environment? >> no, i don't think cruz is the symbol of a deeper problem. i think senator cruz, you know, you hear whispers about this that he's rubbing some people the wrong way. and by the way, these whispers are coming from other republicans as well as democrats. it's by bipartisan, but that is more of the hey, you're the new guy, you know, why don't you learn the ropes here and play by a more civil set of rules? but i don't think -- i think that's -- i do think on the senate side, i'm with senator coburn. there really is more at least a friendlier atmosphere. senators actually -- bipartisan senators actually go to lunch together. >> you need to remember how uncivil i was supposedly accused of being when i got here when i took on ted stevens and arlen specter. there's no change. you work your way into the senate. you build relationships, and then you work bipartisanly. >> let me just say, i mean, i've known you for a long time, tom. you were uncivil. and then you grew a beard and you've become an elder statesman of sorts. >> elder is the only correct word that could be associated with me.
, immigration, the environment, everything basically, but his lead on foreign policy is a staggering 14 points. what makes republicans think this is a good thing to have a fight over? >> right. up until recently everybody said, look, politics stops at the water's edge, and that hasn't been the case for the last couple years with this republican party. but it turns out that it wasn't necessarily that both parties followed that axiom because they were being nice about it. it turns out that it's incredibly bad politics to challenge your sitting president overseas. and, you know, this benghazi thing has not worked out for the republican party at all. they tried effectively to make it the biggest issue of the presidential campaign in the last several weeks, and people just didn't buy into it. what they saw is a tragedy. something that was -- if it could have been prevented, it should have been prevented, but they weren't going to start pointing blame and ask for the resignations of hillary clinton and throw barack obama out of office. >> right. >> and the idea that you'd be able to stop future cia
of with those benefits that we're not able to have right now. i hope that casey grows up in an environment where they'll look back at this and say wow, you know, this is crazy that they had to go through that. but i hope that sees that her parents are proud enough to step up and fight for her equality as well. >> around thanksgiving, charlie morgan told the "washington post" that she was praying that the supreme court would hear the challenge to doma quickly. she said, quote, i really need to be alive when they actually do overturn doma. otherwise karen is not guaranteed anything. charlie morgan did not make it that far. she died on sunday morning. she was 48 years old. the "washington post" reports that her widow karen will not receive survivor benefits. the paper also notes that in ordinary times, charlie and karen would have been glad for the new executive order allowing the family to shop on military bases. we asked today whether officer charlie morgan had heard about the changes that secretary panetta was preparing to announce today. the answer is that it appears she had not. she apparently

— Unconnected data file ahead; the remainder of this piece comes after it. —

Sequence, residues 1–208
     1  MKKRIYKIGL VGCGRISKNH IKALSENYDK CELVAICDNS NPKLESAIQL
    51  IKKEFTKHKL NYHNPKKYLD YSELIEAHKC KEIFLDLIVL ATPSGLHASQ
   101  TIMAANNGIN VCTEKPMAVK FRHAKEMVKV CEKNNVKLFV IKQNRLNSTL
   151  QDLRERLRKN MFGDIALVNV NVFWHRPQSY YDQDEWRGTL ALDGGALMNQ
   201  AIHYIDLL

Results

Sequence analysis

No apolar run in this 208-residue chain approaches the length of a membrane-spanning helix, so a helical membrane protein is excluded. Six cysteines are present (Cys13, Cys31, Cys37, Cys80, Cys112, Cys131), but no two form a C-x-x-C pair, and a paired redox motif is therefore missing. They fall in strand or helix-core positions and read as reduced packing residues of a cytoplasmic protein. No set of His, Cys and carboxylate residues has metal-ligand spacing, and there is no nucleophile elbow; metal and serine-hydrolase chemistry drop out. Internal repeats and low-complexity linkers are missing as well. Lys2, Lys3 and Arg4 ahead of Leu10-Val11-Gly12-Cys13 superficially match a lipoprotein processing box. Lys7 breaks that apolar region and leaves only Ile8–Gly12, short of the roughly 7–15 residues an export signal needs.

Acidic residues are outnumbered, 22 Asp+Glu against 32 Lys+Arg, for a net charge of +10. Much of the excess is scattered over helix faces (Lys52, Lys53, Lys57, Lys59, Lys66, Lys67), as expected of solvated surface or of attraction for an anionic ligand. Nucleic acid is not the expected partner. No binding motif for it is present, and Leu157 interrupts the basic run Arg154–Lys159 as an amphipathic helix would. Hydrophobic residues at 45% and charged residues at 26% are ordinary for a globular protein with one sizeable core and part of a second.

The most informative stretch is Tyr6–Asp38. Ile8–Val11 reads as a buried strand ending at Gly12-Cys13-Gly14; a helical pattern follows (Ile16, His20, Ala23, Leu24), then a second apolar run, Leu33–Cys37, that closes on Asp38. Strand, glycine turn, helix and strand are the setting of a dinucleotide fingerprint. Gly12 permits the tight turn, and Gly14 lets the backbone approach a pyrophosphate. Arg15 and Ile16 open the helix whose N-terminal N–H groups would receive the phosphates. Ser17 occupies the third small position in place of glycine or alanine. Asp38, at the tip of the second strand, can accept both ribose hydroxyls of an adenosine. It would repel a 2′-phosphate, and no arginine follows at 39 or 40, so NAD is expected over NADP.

on the mind the security environment of china. >> okay. so i think we will leave it there, but we appreciate your insight your experience. that was a former south korean foreign minister joining us on the line. spelling out exactly what could happen over the next couple days. we did touch on it there, the role that china could play. the united states will be looking toward beijing to take a leadership role because of the influence that the chinese have over their closest friends, the north koreans. but right now we will say good-bye to our viewers in the united states. but for everyone else here at cnn international, we'll continue on with our coverage of this breaking news story. let's go to matthew chance who is live in beijing. for more on this, it is the chinese new year holiday. the place is closed down, you can shoot a cannon down the main street of beijing and not hit anybody. when can we expect something to come out of the government there? >> it's very difficult to say. >> a war in the gop. between donald trump calling karl rove a total loser and the dualing responses to the state o
Search Results 0 to 49 of about 109 (some duplicates have been removed)